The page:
Educator Autonomy: Honoring Teacher Input Leads to Investment and Innovation

It’s a shame whenever an educator—especially one who has just learned an exciting, effective teaching technique they know their students will love and benefit from—suddenly pauses and thinks:

But I won’t be able to actually use that great strategy in my classroom because…

  • I’m not supposed to deviate from the textbook or mandated curriculum,
  • it doesn’t fit into my school’s instructional pacing plan,
  • it will take time away from test prep,
  • I don’t think my administrator will approve it, or
  • I don’t have the resources or technology to implement it properly.

Talk about having your teaching passion hamstrung! Situations like these are why educator autonomy is closely linked to a teacher’s ability to provide inspiring student engagement.


The Teacher-Powered School

According to Blake (2015), “A teacher-powered school, also sometimes called a teacher-led school, is just what it sounds like: teachers have the autonomy to make decisions usually reserved for principals or district administrators.”

These areas of teacher autonomy can include:

  • Hiring and mentoring colleagues,
  • Selecting teaching methods and learning materials,
  • Creating and facilitating professional development,
  • Making student discipline policies and decisions,
  • Setting budgets, and
  • Creating class schedules.

Imagine how empowering working at such a school would be for a dedicated, creative teacher! Of course, with great freedom comes great responsibility. If teachers truly want an influential stake in what goes on in both their classroom and their school, they must be prepared to rise to the occasion and prove themselves worthy of such trust.

And so it is with your students. Cultivating a class of wonder and worth isn’t solely a teacher’s job. A classroom filled with active engagement requires the students themselves to also rise to the occasion, as their learning environment moves from being teacher-centered to student-centered.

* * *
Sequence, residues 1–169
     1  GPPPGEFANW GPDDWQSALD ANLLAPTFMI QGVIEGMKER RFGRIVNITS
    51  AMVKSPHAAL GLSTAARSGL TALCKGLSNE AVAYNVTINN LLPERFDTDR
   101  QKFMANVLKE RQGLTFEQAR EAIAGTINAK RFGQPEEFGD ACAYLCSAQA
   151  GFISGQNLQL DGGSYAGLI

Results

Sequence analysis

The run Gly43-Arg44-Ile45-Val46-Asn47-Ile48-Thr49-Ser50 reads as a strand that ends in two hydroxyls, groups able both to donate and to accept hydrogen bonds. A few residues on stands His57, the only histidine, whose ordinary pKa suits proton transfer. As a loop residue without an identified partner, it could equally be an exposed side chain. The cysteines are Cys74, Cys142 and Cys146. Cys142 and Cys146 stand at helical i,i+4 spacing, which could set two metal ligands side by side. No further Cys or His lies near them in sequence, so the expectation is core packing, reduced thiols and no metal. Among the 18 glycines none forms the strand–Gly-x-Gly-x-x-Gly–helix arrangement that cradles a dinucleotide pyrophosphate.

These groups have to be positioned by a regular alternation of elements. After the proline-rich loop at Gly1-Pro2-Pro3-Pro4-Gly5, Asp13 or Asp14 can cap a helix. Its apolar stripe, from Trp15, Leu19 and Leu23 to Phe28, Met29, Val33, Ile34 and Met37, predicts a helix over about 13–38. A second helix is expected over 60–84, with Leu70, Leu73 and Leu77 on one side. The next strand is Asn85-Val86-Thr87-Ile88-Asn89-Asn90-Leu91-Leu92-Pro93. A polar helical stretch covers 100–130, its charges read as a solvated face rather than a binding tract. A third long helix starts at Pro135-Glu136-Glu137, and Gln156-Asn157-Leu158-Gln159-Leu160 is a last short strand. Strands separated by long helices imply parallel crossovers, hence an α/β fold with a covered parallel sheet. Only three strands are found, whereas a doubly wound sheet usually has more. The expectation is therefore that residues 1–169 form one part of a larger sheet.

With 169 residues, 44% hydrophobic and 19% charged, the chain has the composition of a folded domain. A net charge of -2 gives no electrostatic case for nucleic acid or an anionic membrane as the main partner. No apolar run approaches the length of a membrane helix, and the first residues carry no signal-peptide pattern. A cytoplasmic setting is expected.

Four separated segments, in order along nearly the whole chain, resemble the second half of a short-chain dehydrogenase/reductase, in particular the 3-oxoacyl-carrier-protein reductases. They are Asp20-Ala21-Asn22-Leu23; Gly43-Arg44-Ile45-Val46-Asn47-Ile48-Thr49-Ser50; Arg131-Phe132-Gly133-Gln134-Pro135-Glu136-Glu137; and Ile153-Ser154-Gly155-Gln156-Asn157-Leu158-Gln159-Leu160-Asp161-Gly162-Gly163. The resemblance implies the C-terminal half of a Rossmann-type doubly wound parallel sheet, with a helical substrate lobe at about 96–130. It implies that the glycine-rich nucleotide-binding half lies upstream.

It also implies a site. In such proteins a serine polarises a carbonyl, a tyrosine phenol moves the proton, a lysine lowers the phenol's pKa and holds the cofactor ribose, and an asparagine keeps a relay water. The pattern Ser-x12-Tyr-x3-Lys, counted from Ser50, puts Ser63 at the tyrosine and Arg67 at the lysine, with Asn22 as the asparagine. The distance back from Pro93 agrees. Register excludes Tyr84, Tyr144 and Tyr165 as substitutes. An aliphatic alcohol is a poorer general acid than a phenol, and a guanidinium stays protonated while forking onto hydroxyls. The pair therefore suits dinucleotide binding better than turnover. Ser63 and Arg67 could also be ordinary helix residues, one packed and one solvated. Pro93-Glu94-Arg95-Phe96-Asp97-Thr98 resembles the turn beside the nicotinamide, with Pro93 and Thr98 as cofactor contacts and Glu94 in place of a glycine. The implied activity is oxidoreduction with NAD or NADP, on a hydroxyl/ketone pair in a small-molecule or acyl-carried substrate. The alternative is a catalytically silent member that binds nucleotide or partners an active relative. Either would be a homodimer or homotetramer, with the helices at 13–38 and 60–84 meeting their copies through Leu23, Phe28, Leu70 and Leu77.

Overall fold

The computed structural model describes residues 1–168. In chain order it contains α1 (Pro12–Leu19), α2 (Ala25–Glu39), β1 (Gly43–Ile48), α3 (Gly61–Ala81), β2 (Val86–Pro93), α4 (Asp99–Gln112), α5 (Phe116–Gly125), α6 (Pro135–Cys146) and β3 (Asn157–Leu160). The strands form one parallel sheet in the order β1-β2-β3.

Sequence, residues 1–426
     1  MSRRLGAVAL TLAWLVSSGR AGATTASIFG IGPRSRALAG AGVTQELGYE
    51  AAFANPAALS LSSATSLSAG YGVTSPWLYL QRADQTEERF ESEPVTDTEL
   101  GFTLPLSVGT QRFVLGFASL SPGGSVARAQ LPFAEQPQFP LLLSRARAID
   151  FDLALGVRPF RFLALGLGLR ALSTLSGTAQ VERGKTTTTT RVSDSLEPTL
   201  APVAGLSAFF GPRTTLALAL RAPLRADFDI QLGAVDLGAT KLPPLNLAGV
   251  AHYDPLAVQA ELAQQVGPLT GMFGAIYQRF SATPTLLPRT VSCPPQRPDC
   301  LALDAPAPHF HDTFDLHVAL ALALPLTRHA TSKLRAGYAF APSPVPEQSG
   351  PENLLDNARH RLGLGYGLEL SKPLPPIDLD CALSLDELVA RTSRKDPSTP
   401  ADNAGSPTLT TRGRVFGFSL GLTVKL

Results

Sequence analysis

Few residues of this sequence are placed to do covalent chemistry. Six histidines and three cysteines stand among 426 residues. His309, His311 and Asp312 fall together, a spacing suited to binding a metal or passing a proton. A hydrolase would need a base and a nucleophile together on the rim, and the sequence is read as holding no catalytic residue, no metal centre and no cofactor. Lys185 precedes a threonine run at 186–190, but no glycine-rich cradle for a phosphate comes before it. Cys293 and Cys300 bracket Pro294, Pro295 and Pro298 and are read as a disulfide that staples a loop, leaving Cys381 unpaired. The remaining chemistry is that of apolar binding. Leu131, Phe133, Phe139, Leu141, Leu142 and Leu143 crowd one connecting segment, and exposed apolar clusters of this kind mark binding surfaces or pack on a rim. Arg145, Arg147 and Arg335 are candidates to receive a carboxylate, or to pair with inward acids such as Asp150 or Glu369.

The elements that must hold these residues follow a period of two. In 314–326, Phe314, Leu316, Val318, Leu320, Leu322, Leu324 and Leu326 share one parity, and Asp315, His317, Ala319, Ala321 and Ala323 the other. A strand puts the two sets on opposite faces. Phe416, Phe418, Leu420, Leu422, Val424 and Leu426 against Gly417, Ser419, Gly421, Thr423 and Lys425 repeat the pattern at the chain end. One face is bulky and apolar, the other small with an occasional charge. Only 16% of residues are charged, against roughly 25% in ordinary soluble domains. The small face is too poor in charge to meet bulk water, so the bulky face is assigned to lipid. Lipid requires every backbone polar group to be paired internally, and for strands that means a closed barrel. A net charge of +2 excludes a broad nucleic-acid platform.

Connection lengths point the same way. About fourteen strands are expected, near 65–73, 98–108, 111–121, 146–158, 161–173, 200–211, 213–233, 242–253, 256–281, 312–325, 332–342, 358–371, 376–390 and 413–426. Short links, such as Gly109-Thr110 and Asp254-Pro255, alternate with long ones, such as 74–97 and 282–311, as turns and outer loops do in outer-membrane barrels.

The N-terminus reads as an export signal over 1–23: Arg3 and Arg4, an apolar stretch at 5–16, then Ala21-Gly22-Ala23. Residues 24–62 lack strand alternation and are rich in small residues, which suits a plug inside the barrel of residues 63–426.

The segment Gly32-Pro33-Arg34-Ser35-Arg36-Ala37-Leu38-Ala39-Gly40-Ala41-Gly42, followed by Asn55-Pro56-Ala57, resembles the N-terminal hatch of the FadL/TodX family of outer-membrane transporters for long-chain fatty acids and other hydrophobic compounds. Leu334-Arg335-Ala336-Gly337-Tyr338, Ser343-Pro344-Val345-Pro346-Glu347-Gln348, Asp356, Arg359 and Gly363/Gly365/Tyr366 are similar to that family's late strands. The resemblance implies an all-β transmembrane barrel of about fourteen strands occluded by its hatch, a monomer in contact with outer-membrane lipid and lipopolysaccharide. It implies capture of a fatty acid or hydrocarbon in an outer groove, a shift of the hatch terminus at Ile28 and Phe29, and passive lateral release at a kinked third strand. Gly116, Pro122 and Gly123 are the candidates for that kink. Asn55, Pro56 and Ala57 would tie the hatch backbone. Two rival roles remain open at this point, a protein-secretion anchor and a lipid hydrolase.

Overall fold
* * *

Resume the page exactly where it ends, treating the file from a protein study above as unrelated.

Still, this transformation from students being passive consumers of information to becoming active producers of ideas, insights, and opinions must be initiated and maintained by a teacher who has the freedom to create a classroom that is alive with learning.

Teacher agency is just as important as student agency.


Freedom Requires Responsibility

When we as educators speak of academic freedom and professional discretion, we are not selfishly demanding to do whatever the heck we want—standards be damned! We, based on our talent, education, experience, and integrity, are instead stepping up to dutifully assume responsibility for what we know works best for the kids we alone know better than anybody else.

A respectful amount of self-governance should be returned to teachers, and this must no longer be viewed as a recipe for disaster.

Today’s relentless push toward total educational standardization (as opposed to broad content standards, which are inarguably a necessary and helpful common teaching objective) often leaves many students behind, especially when they find that one size does not in fact fit all—neither all students nor all teachers. Standardization also leaves teachers totally out of the picture.


Teacher Distrust

Prescriptive, restrictive, and often completely scripted programs and pacing plans are specifically designed to be “teacher proof.” These programs are most often not created, not vetted, and certainly not refined and revised by current classroom teachers. They’re also usually expensive, quickly discarded, and capriciously replaced: a complete waste of time and money.

In a desperate attempt to raise test scores, those who are out of the classroom too often seek to purchase the next prescriptive program; which really are programs so purposely constrictive it’s hoped that even the most inept of teachers cannot possibly screw them up.